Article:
Healthcare Costs for DMD Patients in US 10 Times That of Healthy Youth, Study Finds

Healthcare Costs for DMD Patients in US 10 Times That of Healthy Youth, Study Finds

Healthcare costs for patients with Duchenne muscular dystrophy (DMD) are about 10 times those of healthy people, and increase as patients age, according to a new analysis of claims data.

The figures, which may aid in healthcare planning and evaluating costs of emerging treatments, were — for the first time — used to calculate costs for Duchenne patients only. This is an important distinction because less severe forms of muscular dystrophy are likely linked to lower costs.

The study, “The Direct Cost of Managing a Rare Disease: Assessing Medical and Pharmacy Costs Associated with Duchenne Muscular Dystrophy in the United States,” was published in the Journal of Managed Care & Specialty Pharmacy.

Earlier attempts to estimate the expenses of Duchenne care have been hampered by the lack of a specific diagnostic code for DMD. The three researchers behind the report — from Optum Health Economics and Outcomes Research, GlaxoSmithKline, which funded the study, and University of California Davis Health System — developed an algorithm to get around the problem.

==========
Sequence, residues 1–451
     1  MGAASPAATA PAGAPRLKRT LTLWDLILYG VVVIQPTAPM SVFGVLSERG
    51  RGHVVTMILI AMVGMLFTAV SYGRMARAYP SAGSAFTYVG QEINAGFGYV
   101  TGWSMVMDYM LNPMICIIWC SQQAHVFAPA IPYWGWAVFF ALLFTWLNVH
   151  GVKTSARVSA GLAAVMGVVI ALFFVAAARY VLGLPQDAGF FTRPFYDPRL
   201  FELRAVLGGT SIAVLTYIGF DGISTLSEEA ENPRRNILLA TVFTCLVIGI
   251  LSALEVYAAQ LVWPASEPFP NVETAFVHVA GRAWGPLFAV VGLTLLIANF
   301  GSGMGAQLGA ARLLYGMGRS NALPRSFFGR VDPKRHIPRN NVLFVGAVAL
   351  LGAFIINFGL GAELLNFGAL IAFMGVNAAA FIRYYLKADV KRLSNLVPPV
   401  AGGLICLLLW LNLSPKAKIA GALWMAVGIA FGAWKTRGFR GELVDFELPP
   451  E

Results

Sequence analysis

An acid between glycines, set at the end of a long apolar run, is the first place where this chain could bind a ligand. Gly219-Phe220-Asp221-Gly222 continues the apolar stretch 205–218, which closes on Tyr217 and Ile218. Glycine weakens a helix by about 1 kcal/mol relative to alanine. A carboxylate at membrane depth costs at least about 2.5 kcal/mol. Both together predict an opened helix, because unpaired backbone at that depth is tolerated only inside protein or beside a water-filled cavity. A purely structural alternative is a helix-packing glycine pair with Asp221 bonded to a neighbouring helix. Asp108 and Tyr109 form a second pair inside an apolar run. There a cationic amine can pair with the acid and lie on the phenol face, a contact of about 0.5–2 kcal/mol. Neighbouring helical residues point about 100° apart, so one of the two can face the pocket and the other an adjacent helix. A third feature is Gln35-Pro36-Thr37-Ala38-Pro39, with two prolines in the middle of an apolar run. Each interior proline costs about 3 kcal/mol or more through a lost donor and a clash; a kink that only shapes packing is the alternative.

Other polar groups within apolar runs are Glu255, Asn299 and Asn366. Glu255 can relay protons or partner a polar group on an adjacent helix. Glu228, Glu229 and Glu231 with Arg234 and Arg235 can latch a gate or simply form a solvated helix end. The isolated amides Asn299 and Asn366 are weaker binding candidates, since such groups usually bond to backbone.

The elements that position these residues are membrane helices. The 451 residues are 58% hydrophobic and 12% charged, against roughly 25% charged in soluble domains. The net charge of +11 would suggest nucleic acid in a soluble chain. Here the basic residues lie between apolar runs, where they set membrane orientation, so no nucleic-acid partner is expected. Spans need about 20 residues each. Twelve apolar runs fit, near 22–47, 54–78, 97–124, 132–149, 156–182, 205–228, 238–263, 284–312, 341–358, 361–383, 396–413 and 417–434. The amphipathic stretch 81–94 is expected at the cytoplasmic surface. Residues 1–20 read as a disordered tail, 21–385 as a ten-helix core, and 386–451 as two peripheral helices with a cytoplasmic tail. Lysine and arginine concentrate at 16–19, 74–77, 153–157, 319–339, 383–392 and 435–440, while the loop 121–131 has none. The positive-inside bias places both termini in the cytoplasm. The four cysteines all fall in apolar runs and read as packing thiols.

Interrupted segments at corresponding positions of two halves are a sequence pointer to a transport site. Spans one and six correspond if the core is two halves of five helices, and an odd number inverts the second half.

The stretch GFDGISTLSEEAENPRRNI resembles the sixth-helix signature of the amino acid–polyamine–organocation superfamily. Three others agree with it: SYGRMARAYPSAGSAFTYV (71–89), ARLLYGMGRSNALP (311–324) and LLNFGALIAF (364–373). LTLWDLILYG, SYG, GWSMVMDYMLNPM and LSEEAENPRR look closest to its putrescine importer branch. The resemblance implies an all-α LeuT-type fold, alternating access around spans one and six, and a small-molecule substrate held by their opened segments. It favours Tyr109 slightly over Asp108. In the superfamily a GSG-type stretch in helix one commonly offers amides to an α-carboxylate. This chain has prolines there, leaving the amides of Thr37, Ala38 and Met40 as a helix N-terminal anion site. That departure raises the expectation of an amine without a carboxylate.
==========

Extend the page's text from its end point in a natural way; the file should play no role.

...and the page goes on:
The algorithm took into account claims data using diagnosis codes, pharmacy prescriptions and procedure codes unique to the management of Duchenne muscular dystrophy, based on disease clinical milestones.

Using data from 2000 to 2009, the research team identified 75 patients, and matched them to 750 healthy people by age, sex and region. Patients averaged 13 years old and all were boys. The study did not include patients older than 30.

Duchenne patients had significantly more healthcare appointments, including twice as many office visits, six times as many outpatient visits and 10 times the hospital stays of healthy controls. They also had four times as many prescriptions filled per year. Medical costs were $21,079 higher than those of healthy people, who had an annual cost of $1,451. When researchers included $1,186 in higher annual pharmacy costs, the difference between the groups was more than $22,000.

An analysis of annualized total health care costs estimated that Duchenne patients had 10-fold higher costs compared with healthy people — $23,005 compared to $2,277. Splitting patients into four age groups showed that costs were higher among all of them, but for ages 14-29 expenses were particularly high — $40,132 compared to $2,746.

Researchers noted, however, that Duchenne patients need more than medical resources. Medical devices and assistive technology are also essential to ease the condition, they said.

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